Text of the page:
An early morning start.  Pick up at 6:45am for the 10 minute drive to Seva Mandir’s office to join the bus which would take us on our first field trip of this visit.  We are excited: field trips always exceed expectations and introduce us to some of the remoter parts of southern Rajasthan, areas we would otherwise almost certainly not visit.  Needless to say, we are amongst the few early birds and able to stake our claim to front seats on the venerable bus which radiates experience.  The announced departure time of 7:15 is both indicative and aspirational.  We are on our way with 15 or so of the Seva Mandir Natural Resource Development team by 7:45 to cross Udaipur from north to south through the early morning traffic, stopping first for fuel and then further members of the team along the way.  It’s reminiscent of school bus trips with laughter and jollity as new members of the team climb aboard.

As we head out of the town on the main highway which leads to Mumbai, the Aravalli Hills are once again our guide.  Our front row seats afford a clear view.


After a little less than an hour, we turn across the highway and head down a rural road and back in time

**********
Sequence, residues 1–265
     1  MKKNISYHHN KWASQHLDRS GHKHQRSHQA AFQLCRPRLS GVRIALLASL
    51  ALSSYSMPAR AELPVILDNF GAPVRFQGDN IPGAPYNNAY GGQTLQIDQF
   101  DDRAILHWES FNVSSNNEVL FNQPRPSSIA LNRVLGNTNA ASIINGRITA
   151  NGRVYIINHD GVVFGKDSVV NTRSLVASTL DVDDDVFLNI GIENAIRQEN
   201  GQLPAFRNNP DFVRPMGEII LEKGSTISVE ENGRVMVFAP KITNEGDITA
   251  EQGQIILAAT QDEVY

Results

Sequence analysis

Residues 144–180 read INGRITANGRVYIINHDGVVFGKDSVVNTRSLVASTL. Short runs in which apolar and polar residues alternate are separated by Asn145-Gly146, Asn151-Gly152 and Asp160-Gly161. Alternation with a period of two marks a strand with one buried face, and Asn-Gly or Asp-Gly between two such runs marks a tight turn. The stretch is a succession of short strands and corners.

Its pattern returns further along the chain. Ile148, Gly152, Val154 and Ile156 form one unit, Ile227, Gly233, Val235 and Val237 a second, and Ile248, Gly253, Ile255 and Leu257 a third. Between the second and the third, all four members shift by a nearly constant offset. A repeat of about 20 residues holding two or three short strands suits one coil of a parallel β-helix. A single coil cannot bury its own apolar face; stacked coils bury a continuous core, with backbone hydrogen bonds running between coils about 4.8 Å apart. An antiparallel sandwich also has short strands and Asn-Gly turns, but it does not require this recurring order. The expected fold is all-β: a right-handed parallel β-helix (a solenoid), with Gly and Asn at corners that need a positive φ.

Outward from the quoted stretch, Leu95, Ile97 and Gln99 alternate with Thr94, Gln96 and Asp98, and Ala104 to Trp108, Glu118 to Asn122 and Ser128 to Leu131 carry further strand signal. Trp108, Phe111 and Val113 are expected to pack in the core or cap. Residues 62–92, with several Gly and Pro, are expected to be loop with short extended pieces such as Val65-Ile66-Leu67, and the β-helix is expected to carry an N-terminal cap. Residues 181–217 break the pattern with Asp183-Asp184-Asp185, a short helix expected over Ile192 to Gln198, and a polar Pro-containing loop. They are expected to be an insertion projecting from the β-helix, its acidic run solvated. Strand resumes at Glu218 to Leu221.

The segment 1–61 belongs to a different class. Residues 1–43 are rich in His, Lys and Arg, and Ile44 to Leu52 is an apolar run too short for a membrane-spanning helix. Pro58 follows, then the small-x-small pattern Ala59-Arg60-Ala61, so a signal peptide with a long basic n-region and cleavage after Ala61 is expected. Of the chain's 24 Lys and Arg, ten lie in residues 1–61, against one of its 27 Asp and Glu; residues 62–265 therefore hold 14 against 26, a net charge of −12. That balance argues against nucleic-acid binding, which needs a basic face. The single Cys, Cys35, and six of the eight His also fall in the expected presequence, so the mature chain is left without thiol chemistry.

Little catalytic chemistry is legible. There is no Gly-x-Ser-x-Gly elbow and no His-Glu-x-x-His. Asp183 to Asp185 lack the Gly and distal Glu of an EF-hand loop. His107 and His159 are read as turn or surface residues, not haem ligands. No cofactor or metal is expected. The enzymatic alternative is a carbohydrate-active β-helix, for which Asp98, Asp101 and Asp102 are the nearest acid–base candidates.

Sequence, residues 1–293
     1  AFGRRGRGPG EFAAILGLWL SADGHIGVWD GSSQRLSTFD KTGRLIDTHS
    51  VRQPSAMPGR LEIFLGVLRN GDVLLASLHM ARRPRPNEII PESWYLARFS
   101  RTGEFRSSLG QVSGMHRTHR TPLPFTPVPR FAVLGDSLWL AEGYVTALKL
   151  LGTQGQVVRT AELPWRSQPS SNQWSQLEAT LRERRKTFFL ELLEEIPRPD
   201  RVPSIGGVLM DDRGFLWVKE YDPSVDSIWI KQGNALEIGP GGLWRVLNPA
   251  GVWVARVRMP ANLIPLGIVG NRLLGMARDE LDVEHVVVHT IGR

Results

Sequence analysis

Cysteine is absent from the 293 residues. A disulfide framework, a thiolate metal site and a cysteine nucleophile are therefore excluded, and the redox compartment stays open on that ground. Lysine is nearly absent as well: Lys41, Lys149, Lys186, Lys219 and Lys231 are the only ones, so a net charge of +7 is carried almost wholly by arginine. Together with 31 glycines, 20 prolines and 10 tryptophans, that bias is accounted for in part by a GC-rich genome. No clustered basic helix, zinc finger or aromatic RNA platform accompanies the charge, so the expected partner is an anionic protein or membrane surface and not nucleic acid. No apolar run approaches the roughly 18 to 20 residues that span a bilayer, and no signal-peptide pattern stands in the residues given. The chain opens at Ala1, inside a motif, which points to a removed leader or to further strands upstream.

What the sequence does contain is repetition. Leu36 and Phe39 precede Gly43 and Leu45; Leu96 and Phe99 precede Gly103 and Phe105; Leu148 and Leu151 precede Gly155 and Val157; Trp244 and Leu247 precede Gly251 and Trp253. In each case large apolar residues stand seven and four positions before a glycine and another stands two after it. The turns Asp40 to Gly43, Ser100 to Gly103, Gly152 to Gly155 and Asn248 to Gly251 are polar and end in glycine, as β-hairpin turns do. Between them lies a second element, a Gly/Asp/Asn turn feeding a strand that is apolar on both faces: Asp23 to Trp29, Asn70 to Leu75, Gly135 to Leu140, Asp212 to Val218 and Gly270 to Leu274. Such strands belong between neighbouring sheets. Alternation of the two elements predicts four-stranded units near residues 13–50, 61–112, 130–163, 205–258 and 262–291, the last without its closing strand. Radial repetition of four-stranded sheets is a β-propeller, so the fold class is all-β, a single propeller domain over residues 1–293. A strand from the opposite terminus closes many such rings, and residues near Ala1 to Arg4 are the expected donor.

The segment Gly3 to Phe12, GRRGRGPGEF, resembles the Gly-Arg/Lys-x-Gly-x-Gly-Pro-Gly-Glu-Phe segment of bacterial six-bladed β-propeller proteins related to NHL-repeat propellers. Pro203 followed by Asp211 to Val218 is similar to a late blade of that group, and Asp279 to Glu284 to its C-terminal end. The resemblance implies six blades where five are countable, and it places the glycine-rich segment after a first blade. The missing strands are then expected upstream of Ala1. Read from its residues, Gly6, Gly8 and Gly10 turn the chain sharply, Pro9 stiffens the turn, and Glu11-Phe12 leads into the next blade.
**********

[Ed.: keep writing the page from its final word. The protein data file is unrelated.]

to Kherwara, a beautiful area surrounded by the Aravalli hills, with fields green after the monsoon, wandering goats and cows, and the occasional mud-walled house



where morning washing


and other domestic chores are underway.


We are also struck by the cactus hedges: very practical when you think about it.


The field trip is beginning in earnest.

One key area of Seva Mandir’s work is Natural Resource Development.  In this rural, semi-arid region such as southern Rajasthan, the rain falls only during a short period of the year in the monsoon, and the sun beats down relentlessly for long months on impoverished soil.  Local, mainly subsistence, farmers scratch a living from a few fields


and, if they are lucky, a handful of cows and goats that might bring them a monthly income of Rs 600 (around £6 or $10).  It is therefore vital to make the best use of what water there is.

The NRD unit has many programmes in this area: watershed projects to ensure that the heavy rains, when they come, do not further degrade what soil there is,


but the water is collected in the most efficient way; water harvesting, including creating and maintaining dams,


and improving wells.  We pass several lakes filled by the monsoon but soon realise that it will probably not rain here again until next July.